Behavior Counseling

You used to fully trust your pet, but these days, sometimes they get surprisingly aggressive. You’re not sure where such a nasty streak came from, but it’s starting to concern you. You’re afraid your pet might bite somebody, which could lead to a lawsuit and possible euthanasia.

It’s better to curb your pet’s bad behavior now before it gets too ingrained. Here’s all you need to know about behavior counseling.

happy family with well behaved dog after behavior counseling with Hilltop Animal Hospital

What Is Behavior Counseling?

Behavior counseling is a veterinarian-led program to unteach a pet’s unwanted, potentially aggressive behaviors. This is sometimes also called animal therapy, but the premise is the same.

A trained veterinarian will spend time with your pet to uncover the trigger that has led to these behaviors. Over time, thy will then teach the pet to stop said behaviors.

As the pet owner, you too will be involved to learn what you can do to ensure your pet is on their best behavior in the future.

How Do You Know Your Pet Needs It?

Your dog doesn’t always listen when you tell him to sit or stay. Does he need behavioral therapy? No. In such a situation, the dog needs further training at home by his owner.

Pet therapy is for animals who are a risk to people and themselves. The two biggest behavioral problems that this therapy treats are anxiety and aggression. We’ll now explain more about both.


Pets can get anxiety just like people can. Cats tend to get most anxious during big life changes, such as moving or introducing a new person (or people) into your life. That said, they can get unnerved by something as simple as switching litter brands.

Dogs get anxious when they don’t get enough attention from their owners. These animals need companionship, and without it, they may seem nervous or lethargic.


Cats show their anger in many ways: baring claws and teeth, rapid tail movements, ear flattening, and hissing. These are indicators the cat is likely to scratch or bite a person. They may do this for a variety of reasons. A cat may have an injury or illness that’s causing them discomfort. They may also feel the need to claim their territory.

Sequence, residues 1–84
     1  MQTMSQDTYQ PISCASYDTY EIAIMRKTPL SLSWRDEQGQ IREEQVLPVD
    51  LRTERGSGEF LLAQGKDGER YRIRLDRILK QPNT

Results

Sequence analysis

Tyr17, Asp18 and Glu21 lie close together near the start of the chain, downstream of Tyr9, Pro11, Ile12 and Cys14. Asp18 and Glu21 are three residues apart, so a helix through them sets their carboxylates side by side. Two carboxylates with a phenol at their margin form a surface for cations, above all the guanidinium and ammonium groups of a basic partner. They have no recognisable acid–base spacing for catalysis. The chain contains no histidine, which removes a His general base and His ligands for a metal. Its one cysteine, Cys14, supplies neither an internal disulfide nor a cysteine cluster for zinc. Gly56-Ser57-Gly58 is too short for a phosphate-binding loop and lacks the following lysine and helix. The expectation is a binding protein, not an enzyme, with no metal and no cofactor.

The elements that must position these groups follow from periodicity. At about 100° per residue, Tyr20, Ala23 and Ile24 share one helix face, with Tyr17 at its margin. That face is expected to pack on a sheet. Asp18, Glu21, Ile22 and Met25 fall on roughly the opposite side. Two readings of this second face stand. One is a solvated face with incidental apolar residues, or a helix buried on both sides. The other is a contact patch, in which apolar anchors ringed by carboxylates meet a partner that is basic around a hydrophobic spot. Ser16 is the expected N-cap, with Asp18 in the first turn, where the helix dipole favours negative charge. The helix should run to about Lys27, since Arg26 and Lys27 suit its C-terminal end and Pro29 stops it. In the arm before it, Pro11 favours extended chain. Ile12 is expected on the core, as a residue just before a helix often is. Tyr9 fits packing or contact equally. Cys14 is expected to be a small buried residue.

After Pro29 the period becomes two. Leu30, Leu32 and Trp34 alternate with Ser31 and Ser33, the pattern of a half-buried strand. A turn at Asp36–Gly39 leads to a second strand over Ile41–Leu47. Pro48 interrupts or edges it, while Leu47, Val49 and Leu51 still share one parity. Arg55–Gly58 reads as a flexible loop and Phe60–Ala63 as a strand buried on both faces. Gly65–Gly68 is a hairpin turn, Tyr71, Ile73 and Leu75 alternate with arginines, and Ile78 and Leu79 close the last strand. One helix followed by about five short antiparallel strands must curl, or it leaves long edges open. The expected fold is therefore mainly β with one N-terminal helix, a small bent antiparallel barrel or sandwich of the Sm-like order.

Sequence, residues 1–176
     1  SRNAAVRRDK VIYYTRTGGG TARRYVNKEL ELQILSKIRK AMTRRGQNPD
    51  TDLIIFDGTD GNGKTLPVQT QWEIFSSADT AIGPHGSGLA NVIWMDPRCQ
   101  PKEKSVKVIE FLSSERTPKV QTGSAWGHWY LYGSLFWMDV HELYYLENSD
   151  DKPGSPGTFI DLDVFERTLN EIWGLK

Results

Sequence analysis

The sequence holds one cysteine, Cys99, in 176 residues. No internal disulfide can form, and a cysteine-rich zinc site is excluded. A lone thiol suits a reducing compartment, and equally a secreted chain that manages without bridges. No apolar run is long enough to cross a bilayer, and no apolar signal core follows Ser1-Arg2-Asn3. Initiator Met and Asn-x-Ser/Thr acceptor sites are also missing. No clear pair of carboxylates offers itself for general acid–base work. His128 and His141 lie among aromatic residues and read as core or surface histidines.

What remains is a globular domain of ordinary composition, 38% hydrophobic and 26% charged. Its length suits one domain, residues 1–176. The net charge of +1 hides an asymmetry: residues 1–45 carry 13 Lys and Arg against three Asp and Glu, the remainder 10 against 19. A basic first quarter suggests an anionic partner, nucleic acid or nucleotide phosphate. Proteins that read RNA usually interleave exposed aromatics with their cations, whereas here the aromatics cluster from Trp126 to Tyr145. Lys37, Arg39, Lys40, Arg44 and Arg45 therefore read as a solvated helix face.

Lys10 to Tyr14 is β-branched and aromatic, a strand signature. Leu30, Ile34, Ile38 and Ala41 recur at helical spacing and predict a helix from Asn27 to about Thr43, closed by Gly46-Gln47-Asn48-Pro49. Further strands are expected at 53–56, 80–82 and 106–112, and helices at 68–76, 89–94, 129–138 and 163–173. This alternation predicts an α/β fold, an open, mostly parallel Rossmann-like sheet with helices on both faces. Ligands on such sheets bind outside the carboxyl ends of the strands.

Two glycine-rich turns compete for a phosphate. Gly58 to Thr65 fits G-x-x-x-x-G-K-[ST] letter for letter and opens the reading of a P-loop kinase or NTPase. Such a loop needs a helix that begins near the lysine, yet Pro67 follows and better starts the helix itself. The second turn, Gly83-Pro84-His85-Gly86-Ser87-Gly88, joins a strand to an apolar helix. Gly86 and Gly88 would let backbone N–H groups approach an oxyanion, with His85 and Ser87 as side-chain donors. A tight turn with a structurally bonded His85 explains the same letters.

Dogs will also snarl, growl, and bare their teeth. They too can scratch and bite if agitated. For some dogs, they may become aggressive after seeing other dogs, typically when out on a walk. They also become territorial around toys, food, and people.  

About Hilltop Animal Hospital

If you need behavioral counseling for your dog or cat, you’ve come to the right place. At Hilltop Animal Hospital, your pets matter to us. We’re led by Dr. Scotty A. Gibbs, a trained veterinarian who will work with your pet to overcome their bad behavior.

We also offer other services at Hilltop Animal Hospital, including nutritional counseling, diagnostic imaging, veterinary dermatology, emergency care, orthopedic surgical services (including advanced soft tissue surgeries), pet dentistry, and pet wellness exams.

Call us today at (919) 567-9700 or visit us at Hilltop Animal Hospital on 3425 North Main Street in Fuquay Varina.


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Read What Our Clients Say

  • "The best. Dr Scotty Gibbs always takes the time to comfort our dogs and us. Have gone there for years. Would not want to go anywhre else"
    Sandy Brink
  • "Dr Gibbs & all the Staff at Hilltop are gifted, talented, caring, and amazing. It would be hard to find a better veterinary clinic."
    Steve Holbrooks